CONNERS: A snowcat climbing the mountain. And, we're not sure where we're going quite yet, but we see a female driving the snowcat in a blizzard white out. And, the first thing we finally hear is she says, you know, we have to come up here every Tuesday to collect the sample. And, you're thinking, what is that and all of a sudden, she pulls up to the shack in the middle of this mountain. We're at 11,000 feet, there's wind blowing, it's very cold. And, basically, she goes inside, and she pulls gas out of the air and into these canisters. And what she's doing is taking the weekly measurement of the atmosphere. And we find that this is how we've known about the carbon in the atmosphere for the last 50 years. The National Oceanic and Atmospheric Administration has been conducting these sample tests for 50 years in the same locations every week. And they also do it in 60 places around the world. For example, in Mongolia, there's a woman that takes these canisters and takes a train ride for 10 hours, and goes up a mountain to take the sample and come back. So, these are dedicated people, everyday people with science backgrounds that helped take the samples, and they're all sent back to NOAA in Boulder, Colorado for measurement. So, the reason why we started the movie like this is that we really wanted to say, look, you know, this is, this is a person that you and I can recognize. A hardworking person. And these are not liars. These are people who are gathering the data gathering the evidence that so that when we say carbons in the atmosphere, this is not a debate. It's like taking your temperature, right? And, we go on to explain later that, you know, the question carbon that they're measuring, is specific to fossil fuel burning. So let's C 13 carbon, natural carbon is C 14. And so they know exactly that it's human caused, it's never been a question.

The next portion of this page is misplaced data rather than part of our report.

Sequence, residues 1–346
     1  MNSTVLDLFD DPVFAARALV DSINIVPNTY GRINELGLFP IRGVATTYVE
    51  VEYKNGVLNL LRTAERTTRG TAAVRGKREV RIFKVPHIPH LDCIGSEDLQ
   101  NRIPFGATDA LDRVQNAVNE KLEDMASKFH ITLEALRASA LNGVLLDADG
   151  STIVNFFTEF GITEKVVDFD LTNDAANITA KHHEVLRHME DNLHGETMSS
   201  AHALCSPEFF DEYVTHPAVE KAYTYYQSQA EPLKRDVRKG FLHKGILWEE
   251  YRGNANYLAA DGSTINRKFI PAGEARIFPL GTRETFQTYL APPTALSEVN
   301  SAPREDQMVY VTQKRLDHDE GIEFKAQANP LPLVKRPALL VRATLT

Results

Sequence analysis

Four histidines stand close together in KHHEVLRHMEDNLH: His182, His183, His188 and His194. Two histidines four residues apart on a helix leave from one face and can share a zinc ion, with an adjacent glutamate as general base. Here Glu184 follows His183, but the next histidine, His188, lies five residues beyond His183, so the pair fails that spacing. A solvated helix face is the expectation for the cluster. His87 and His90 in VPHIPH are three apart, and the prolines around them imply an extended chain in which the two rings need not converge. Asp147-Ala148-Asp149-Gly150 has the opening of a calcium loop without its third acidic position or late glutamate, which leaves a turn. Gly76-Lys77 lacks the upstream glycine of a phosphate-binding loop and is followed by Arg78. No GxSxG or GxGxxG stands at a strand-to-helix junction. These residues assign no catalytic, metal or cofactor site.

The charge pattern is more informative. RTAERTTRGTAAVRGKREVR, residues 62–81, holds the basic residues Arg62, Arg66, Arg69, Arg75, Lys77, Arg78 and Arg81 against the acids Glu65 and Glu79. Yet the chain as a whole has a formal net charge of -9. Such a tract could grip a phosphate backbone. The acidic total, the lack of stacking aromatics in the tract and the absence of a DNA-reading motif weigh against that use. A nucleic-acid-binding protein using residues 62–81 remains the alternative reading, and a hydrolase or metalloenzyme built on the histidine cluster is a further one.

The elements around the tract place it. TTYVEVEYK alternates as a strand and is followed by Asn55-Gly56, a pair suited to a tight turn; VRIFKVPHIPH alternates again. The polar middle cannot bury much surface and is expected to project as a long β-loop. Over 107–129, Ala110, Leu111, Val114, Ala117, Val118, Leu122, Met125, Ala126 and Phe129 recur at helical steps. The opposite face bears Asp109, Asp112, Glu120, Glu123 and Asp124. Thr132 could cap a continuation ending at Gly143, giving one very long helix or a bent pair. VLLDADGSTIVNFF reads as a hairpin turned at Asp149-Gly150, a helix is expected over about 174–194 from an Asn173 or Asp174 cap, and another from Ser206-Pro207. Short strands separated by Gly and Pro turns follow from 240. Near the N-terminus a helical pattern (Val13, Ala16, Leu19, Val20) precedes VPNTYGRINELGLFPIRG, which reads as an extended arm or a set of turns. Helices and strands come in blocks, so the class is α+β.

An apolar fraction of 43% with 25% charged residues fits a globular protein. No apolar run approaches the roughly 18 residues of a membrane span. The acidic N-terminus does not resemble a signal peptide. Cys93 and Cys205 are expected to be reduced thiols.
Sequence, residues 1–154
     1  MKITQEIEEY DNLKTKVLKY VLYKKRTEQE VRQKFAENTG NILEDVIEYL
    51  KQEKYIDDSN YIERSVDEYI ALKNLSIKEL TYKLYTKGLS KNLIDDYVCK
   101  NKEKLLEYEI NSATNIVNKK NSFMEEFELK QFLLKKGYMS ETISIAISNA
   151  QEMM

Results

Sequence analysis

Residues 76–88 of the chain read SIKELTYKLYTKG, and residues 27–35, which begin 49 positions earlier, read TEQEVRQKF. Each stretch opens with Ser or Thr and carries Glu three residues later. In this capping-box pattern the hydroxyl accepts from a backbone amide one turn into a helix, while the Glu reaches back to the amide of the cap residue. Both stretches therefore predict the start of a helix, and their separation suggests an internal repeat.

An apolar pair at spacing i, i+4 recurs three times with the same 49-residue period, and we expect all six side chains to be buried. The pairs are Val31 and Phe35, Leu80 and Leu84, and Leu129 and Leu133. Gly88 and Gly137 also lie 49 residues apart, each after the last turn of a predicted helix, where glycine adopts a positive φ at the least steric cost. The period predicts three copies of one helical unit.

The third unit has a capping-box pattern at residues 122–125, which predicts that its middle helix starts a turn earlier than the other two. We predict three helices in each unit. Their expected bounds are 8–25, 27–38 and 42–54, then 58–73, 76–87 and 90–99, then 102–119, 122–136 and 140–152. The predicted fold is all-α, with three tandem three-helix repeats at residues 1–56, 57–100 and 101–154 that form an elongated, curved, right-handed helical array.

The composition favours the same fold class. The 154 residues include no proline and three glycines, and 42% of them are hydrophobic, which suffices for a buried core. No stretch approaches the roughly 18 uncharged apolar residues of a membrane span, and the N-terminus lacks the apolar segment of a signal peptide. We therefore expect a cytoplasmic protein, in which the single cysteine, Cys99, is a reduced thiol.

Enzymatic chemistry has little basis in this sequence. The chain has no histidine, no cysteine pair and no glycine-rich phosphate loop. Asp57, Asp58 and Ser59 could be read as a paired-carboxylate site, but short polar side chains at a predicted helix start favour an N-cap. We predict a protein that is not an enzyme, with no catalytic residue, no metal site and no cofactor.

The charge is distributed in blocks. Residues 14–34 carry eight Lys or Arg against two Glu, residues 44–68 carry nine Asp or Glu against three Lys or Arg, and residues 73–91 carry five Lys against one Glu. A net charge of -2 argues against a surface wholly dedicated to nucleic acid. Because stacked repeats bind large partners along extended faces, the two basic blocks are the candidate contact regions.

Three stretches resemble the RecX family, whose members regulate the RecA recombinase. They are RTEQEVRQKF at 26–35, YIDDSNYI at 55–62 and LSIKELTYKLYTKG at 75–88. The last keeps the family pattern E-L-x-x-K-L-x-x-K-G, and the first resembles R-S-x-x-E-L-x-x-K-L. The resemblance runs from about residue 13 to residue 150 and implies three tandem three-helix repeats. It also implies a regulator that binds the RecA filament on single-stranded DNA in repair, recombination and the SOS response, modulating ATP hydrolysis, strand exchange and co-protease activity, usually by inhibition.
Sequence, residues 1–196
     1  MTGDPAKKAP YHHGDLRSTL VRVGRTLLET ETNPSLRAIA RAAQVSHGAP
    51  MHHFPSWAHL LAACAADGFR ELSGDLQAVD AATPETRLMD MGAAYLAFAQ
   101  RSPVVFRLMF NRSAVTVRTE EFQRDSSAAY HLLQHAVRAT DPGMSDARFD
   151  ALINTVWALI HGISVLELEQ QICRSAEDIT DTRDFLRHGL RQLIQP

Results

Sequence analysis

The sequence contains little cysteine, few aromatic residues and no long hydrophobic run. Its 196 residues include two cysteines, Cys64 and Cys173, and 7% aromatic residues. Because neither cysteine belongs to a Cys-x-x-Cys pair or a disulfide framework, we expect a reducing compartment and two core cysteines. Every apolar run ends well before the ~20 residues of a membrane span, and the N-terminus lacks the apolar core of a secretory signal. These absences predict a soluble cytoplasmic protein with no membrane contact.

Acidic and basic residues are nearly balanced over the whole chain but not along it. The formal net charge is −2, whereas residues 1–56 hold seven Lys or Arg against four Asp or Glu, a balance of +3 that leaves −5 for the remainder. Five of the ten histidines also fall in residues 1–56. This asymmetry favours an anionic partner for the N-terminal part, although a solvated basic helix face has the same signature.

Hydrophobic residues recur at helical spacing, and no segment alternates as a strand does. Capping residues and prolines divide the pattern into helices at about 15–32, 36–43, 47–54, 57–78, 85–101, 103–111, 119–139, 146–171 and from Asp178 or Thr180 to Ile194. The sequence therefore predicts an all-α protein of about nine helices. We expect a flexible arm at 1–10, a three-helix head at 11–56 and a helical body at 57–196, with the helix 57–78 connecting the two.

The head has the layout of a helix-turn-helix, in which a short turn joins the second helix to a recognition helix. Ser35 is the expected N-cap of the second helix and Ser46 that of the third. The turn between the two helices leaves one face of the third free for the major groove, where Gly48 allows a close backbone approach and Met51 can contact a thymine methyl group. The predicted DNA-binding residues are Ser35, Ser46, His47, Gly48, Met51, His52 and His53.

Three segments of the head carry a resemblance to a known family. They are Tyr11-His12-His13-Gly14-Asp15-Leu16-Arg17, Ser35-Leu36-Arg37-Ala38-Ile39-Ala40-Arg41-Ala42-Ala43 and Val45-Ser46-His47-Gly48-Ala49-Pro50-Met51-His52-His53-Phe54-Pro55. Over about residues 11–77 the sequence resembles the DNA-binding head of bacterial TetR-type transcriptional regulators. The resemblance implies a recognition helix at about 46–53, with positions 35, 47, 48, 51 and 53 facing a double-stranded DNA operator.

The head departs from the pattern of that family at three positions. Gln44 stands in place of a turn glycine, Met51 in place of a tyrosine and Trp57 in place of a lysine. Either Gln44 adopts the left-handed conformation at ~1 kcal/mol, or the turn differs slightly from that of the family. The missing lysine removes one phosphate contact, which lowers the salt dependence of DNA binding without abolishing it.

CURWOOD: And, of course, when you mean by C 13, is a carbon that's been sequestered in the earth for millions of years is no longer radioactive. And, the stuff that's out with us right now does have a little bit of radioactivity.